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SHOW LOW, Ariz. (AP) _ A mammoth blaze formed by the union of two wildfires edged closer to this evacuated mountain town on Monday and firefighters said it was only a matter of time before it overran the community.

``The fire has abated a little but we're still in a lot of danger here,'' fire spokesman Jim Paxon said Monday on NBC's ``Today'' show. ``We think it's an inevitability that the fire is going to enter Show Low.''

Firefighters planned to pull back, let the fire strike and then fight it where they can.

The fire has burned about 305,000 acres _ nearly 480 square miles, slightly larger than sprawling Los Angeles _ since it began as two blazes last week. The fires merged on Sunday. About 30,000 people have fled more than half a dozen towns.

Flames have destroyed at least 186 homes, Paxon said, including 116 in towns just west of Show Low. The other 70 were in Heber-Overgaard, a community 35 miles west of Show Low that was overrun Saturday.

``Many homes up here have been built board by board. We didn't just walk into a subdivision where a home was already built. We built from scratch,'' said 61-year-old Sue Aldrete, who was evacuated from her Pinetop-Lakeside home Saturday. ``It was a labor of love.''

Favorable weather, including lighter, northeasterly wind at 10 to 15 mph and lower-than-expected temperatures, was expected to help firefighters on Monday. Similar conditions on Sunday slowed the advance of the fire.

Fire crews fortified a firebreak that had been bulldozed just west of town to try to cut off an eastward route for the fire.

Firefighters patrolled behind the line and in Show Low itself, looking for spot fires started by drifting embers.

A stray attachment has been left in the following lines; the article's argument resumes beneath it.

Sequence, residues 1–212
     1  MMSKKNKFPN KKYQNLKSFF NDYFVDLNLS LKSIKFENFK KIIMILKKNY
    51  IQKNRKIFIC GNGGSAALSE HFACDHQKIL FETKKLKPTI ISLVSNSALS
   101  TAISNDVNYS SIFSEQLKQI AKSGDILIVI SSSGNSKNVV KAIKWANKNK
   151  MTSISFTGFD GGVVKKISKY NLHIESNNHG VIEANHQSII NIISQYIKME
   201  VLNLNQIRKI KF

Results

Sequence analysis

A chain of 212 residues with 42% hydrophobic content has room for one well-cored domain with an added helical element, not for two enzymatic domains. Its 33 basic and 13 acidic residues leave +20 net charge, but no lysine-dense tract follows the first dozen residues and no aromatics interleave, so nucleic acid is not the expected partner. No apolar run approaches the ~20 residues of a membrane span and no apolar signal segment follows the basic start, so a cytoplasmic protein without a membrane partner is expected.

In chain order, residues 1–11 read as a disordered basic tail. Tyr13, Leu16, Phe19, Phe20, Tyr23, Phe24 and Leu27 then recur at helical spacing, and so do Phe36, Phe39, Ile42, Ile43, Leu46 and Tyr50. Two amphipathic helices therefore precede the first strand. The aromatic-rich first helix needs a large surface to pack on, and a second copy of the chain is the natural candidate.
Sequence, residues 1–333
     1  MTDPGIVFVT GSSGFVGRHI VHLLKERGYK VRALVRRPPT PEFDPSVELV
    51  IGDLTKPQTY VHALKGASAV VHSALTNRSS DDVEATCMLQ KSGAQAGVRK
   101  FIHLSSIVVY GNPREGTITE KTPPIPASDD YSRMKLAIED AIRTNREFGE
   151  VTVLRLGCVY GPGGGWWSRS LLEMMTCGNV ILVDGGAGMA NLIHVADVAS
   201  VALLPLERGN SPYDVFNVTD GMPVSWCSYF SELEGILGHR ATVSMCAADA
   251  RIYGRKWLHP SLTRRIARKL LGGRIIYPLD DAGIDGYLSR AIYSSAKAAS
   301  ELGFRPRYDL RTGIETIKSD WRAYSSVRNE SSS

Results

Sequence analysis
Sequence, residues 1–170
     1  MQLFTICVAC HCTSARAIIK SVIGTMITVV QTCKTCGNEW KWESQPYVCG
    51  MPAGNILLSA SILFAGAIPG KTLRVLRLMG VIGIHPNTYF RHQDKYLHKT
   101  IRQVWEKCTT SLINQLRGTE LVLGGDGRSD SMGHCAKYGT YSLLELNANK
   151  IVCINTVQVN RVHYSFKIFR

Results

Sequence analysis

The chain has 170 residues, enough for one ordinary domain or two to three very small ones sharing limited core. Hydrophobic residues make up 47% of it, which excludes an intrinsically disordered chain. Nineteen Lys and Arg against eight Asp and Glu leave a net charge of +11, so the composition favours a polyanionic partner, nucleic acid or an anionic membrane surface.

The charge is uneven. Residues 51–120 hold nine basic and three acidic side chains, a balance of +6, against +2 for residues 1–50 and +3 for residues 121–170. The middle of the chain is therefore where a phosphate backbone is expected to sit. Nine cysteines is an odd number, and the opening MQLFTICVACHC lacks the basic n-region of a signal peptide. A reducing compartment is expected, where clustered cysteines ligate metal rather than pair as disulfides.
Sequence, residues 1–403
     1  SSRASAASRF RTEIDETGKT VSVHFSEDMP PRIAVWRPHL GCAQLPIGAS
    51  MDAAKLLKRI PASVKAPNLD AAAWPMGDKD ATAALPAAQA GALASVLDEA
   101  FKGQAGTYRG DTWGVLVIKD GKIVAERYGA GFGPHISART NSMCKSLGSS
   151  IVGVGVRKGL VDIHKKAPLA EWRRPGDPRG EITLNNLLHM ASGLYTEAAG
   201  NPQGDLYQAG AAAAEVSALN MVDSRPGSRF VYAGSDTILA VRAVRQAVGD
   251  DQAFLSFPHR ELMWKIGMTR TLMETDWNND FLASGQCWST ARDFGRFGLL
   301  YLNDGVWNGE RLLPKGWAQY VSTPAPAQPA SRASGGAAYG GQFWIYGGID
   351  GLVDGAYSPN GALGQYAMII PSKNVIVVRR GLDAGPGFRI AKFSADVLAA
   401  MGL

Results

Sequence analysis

Paxon said firefighters faced two possibilities, depending on the wind: ``One is if the fire builds a big plume-dominated head and a wall of flame roars into Show Low. The other is the wind throws embers into town and those dry fuels ignite.''

Show Low, population 7,700, was mostly empty, but some evacuees held on to their optimism.

``I think most of our businesses and homes are going to be saved. You have to think that way otherwise you'll be in trouble,'' said Show Low resident Mari Corella.

The wildfire has overrun parts of the evacuated towns of Linden, Pinedale, Clay Springs and Heber-Overgaard.

The larger of the fires that came together Sunday was thought to have been caused Tuesday by people, although authorities didn't know whether it was an accident or arson. The other was started Thursday by a lost hiker signaling for help.

Some relief could come over the next few days, said Tom Wordell, a fire analyst at the National Interagency Fire Center.

``We're going to see very hot conditions, but the winds should taper down. It shouldn't have the potential to grow as large as fast,'' he said.

Across the West, 19 large fires were burning on nearly 770,000 acres in seven states on Monday, according to the National Interagency Fire Center.

In southwestern Colorado, crews fought a 62,500-acre blaze that had destroyed 45 homes near Durango.

A larger, 137,000-acre blaze south of Denver had destroyed at least 133 homes and was 69 percent contained. The interagency center said about 2,200 people remained under evacuation orders, down from 8,900 last week.

A woman's death three days after the start of that blaze has been blamed on a severe asthma attack brought on by smoke, the first death directly related to the fire. Ann Dow, 50, collapsed June 11 after telling her husband she couldn't breathe.

___ On the Net:

Show Low: http://www.ci.show-low.az.us/

National Interagency Fire Center: http://www.nifc.gov/